Feature Q & A – Next Stage Theatre Brings the Laughter

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Laughter on the 23rd FloorSomewhat based on real people, Neil Simon’s Laughter on the 23rd Floor brings the audience into the writer’s room of a 1950’s comedy-variety show. The show follows Max Prince and his writers in their battle with NBC executives about the show’s humor. In this feature Q & A, cast members Lauren Rosenzweig, Ray Hilton and  Gus Langley share their thoughts about the production in a round table discussion.

Who is your character and how would you describe him/her?

Lauren: My character is Carol. She is a strong woman who plays in a man’s world, and she knows it. She is tough on the outside so as to survive in this world and takes pride in being able to hold her own.

Ray: I play Ira Stone, a definite hypochondriac who believes he is the funniest one in the room, except maybe for Max, although at times he does think he is funnier than his boss.  He hates when people are funnier than him but also recognizes when a joke might actually be funnier than what he has to share and, sometimes begrudgingly, steps aside.

Gus: My characters name is Brian Doyle. I’m an Irish comedian with aspirations of
writing for the big screen.

What real-life person is a counterpart for your character

Lauren: My character is based on a combination of Selma Diamond and Imogene Coca.

Ray: Mel Brooks

Gus: Brian is not based on any one writer in particular. He is more an amalgamation of several writers sprinkled with stereotypes common to the profession as a whole.

What is your favorite moment in the show?

Lauren: Is it cliché to say “the end scene”? The realization all of the characters go through at the end is truly touching.

Ray: I think my favorite moment is when Ira threatens to “steal” Stelluh, a joke he wrote that Max claims to now own.  Ira is offended when Max gives Kenny credit for the joke and, through a bit of arguing, decides to take the joke hostage.  This leads to Ira being thrown on a table until he submits to Max and spits out the joke he is threatening to swallow.  This scene is a lot a fun to play from beginning to end.

What do enjoy most about working with your fellow cast members?

Lauren: Laughing! We have been cracking each other up since rehearsal one, and I am so excited to see it play out in front of an audience now!

Ray: My favorite thing about this cast is the camaraderie we’ve developed through the rehearsal process.  With a script like this, you’re almost forced to create that sense of  brotherhood, but there’s still the possibility of it coming off as a fake kinship.  I think we’ve been able to move past that and really make our time in the writing room count and have created a strong sense of brotherhood, where we fight, laugh, and sometimes cry together, but not too much because crying doesn’t get you paycheck on a comedy show.

Gus: We are lucky to have such a talented cast. We all come from very diverse
backgrounds and it is a joy watching us all learn to work with one another.

What can audiences expect when seeing the show?

Lauren: I’m hoping they can expect to see a glimpse at what life was like for comedy writers in the early 50s and how a group of people can come together to fight for what they believe. All while making you cry laughing!

Ray: You can expect a fast paced, old school, quick witted comedy, but with a lot of heart.  The script is brilliantly funny and, I think, does a great job recreating what it might have been like during the time leading up to end of Your Show of Shows.  It’s a comedy that includes the personas of some of the greatest comedic minds ever, who brought us works like The 2,000 Year Old Man, Blazing Saddles, The Dick Van Dyke Show, M.A.S.H. – the list seems endless.  You can expect to laugh at least once.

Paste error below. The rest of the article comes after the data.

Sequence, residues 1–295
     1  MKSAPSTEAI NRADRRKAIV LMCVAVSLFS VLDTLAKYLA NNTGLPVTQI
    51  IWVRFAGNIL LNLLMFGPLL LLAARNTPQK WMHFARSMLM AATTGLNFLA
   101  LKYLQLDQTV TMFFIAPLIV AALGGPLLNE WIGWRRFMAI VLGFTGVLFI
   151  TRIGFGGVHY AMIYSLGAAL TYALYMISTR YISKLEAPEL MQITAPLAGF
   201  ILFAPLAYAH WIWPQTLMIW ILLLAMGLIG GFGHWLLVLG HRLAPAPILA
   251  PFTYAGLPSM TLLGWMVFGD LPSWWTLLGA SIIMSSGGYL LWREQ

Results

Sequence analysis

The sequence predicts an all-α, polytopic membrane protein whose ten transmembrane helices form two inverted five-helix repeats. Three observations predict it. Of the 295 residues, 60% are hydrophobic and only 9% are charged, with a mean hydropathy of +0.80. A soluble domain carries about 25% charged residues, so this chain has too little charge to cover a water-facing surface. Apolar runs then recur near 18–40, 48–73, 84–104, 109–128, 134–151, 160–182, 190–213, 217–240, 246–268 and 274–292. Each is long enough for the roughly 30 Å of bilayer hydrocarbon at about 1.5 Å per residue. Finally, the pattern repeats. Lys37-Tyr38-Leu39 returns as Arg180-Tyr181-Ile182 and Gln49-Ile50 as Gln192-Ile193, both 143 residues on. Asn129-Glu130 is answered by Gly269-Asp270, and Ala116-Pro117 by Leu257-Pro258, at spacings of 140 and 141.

Gus: Expect hard laughs and soft tears.

Which comedic actor or writer inspires you?

Lauren: I love all the greats: Lucille Ball, Mel Brooks, Steve Martin and the new kids on the block like Kristen Wiig and Tina Fey.

Ray: Steve Martin is my all time favorite comedian, though I gravitate quite a bit to Mel Brooks and his works, which is funny since my character is based on him. But, don’t expect a Mel Brooks impersonation.

Gus: Judd Apatow has opened the doors for a very diverse group of comedians. I am inspired by his work and the work of the actors whose company he keeps.

What is your favorite weekly comedy/ variety show (pastor present)?

Lauren: Just one favorite? I currently love Portlandia. Older shows like The Dick Van Dyke Show, Mary Tyler Moore and I Love Lucy will always be favorites of mine as well.

Ray: I know it’s not the most popular cast, but I still love watching SNL each week and Chappelle’s Show always had me laughing, sometimes uncomfortably.  As for current sitcoms, I never miss an episode of Modern Family and New Girl, two of the best comedies on right now, but Friends and Seinfeld will always be at the top of my list.

Gus: There are actually some really funny shows on television these days. There has been a real shift in the industry to allowing more improv on the set. This has led to some great innovations. It is important to remember some comedy is crafted. This show harkens back to that old style. Personally, I cannot wait for that new Arrested Development to drop.

 

Next Stage Theater Company’s production of Laughter on the 23rd Floor plays on the Alley Stage through February 23, 2013. For tickets and more information, please visit the theater’s website. Atlanta Theater Fans readers who use the coupon code “ATLTheatreFan” will receive 20% off of their tickets.